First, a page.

I have my first solo exhibit in decades coming up next month and I am really hustling to get everything ready for it.  The exhibit will be at Arts on Grand in Spencer, Iowa.  The show opens on August 16th and runs through September 24th.  There will be an opening evening event (I think they call it a "gallery talk") on August 25th, a Thursday begins around 5:30 p.m.   This is a good time to talk with me about anything and have refreshments and hors d'oeuvres.  And it would be a really great time getting to meet some of my blog friends if we haven't already done so!

When preparing for something like this, a great deal of time is spent matting and framing, varnishing, and even reworking paintings.  Any artist will tell you that sometimes knowing when something is really finished isn't s easy as you'd think!  The above painting was presented in this blog earlier (Here), but there was something about it that did not look "finished" to me...something was missing and I was fairly sure from the moment I had the thought, as to what it was needing!  A visual threshold; you know, like when you enter a room or space and "step" into it.  This painting was too flat for a visual "entrance"...had no weight to its foundation...I could think of several more metaphors but you may get the drift.  I think it now has that foundation and a threshold to enter over and into the space. 

 Late July Mid Afternoon (unfinished version)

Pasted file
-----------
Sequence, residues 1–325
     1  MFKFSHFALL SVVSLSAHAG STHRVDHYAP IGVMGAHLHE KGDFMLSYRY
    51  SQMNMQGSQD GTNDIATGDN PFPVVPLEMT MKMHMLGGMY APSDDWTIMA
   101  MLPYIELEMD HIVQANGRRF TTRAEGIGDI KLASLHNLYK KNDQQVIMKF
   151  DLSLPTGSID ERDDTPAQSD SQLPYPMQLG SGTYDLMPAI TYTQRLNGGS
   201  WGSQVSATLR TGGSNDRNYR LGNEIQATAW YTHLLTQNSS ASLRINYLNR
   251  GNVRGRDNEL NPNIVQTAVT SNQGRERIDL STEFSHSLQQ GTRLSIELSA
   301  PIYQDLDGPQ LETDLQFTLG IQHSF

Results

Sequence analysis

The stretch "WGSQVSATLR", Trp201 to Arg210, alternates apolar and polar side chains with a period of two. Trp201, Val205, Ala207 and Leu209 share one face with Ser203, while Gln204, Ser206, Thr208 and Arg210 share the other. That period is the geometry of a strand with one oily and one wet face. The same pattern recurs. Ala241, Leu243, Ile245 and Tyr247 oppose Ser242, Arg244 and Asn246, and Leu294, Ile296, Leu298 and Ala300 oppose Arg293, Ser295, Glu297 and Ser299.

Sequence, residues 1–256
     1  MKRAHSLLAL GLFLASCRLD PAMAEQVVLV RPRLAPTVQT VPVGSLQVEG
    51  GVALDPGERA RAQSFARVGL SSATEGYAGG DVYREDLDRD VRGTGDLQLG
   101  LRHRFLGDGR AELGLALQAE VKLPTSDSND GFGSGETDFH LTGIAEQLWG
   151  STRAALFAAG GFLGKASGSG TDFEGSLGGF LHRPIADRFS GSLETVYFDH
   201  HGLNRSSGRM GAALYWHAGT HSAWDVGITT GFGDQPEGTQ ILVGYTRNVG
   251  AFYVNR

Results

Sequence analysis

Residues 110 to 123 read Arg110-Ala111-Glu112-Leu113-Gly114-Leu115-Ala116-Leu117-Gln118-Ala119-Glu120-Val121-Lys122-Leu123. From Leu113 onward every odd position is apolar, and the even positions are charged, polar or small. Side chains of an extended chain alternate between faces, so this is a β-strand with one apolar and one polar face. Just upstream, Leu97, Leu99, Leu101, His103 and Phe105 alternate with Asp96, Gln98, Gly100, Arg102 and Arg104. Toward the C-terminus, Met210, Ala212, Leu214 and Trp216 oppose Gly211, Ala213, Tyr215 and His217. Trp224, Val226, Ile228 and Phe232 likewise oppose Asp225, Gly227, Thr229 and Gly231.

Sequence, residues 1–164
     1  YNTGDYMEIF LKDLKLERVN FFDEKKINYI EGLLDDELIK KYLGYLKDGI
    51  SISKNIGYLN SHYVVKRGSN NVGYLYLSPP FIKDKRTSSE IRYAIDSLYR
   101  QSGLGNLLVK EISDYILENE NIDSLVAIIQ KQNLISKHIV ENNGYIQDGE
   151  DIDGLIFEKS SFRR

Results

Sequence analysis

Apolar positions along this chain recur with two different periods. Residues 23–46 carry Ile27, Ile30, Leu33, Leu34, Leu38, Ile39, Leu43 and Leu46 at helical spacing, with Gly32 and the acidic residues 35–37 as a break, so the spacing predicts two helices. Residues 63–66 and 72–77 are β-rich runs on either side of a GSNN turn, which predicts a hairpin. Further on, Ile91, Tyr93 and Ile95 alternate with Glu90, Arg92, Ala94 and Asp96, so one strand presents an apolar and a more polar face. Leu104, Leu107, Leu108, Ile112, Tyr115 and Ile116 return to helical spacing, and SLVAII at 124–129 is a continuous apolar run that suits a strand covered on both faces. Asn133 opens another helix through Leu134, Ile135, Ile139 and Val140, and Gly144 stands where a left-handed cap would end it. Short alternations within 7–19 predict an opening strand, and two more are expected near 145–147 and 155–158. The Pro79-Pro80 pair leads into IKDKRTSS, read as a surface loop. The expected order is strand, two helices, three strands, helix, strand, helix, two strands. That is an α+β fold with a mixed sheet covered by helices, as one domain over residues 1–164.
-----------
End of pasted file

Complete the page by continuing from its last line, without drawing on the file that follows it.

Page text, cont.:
(You can compare with the previous version here and see what I mean.)

I am also still at the easel and working in the field each day I can manage.  The early morning hikes with the camera equipment have been invigorating and I'm finding I'll be a long while editing through all the material I come up with!  Is that what "winters" around here are for??

Valley Plum Thicket Study
6X8" - oil painting on mounted canvas
© Bruce A. Morrison
(click on image for a larger view)

Here is a small study I did just recently...the plums and spring are long past but we had some freakish weather here during the Wild Plum got very hot and windy for a couple days straight and the bloom was on and over in just 2-3 days.  Pretty disappointing because I look forward to it each year!  I did this study from some photos of past blooms here in the valley, to make up for missing them this year.

Well, back to work here in the studio.  I do hope I'll get to see you at my exhibit opening evening in August!  I'll be posting about it some more in the coming weeks.

Stay cool and enjoy July!

Friday, July 1, 2011

Slow Down!

July 1st Thunderhead in the valley
Photograph © Bruce A. Morrison
(click on image for a larger view)

July, what ever happened to June!??  Things really have to slow down here, I'm just way too far behind in my work!

I couldn't resist posting another thunderhead off over the valley here...this one is fresh off the camera, just 45 minutes ago!  Things develop, change and move on all the time in nature...shouldn't expect anything different here!

I've been painting and framing and printing like a maniac in the studio the past few weeks...getting ready for a solo exhibit at Arts on Grand (Spencer, Iowa) in August.  I'll fill in more details in the weeks ahead...but I'll say it right now and again with each post - I sure would love to see ya there in August; I haven't met some of my blog friends yet!  Wouldn't that be great! 

In the meantime - enjoy every bit of July you can...time is not waiting for us!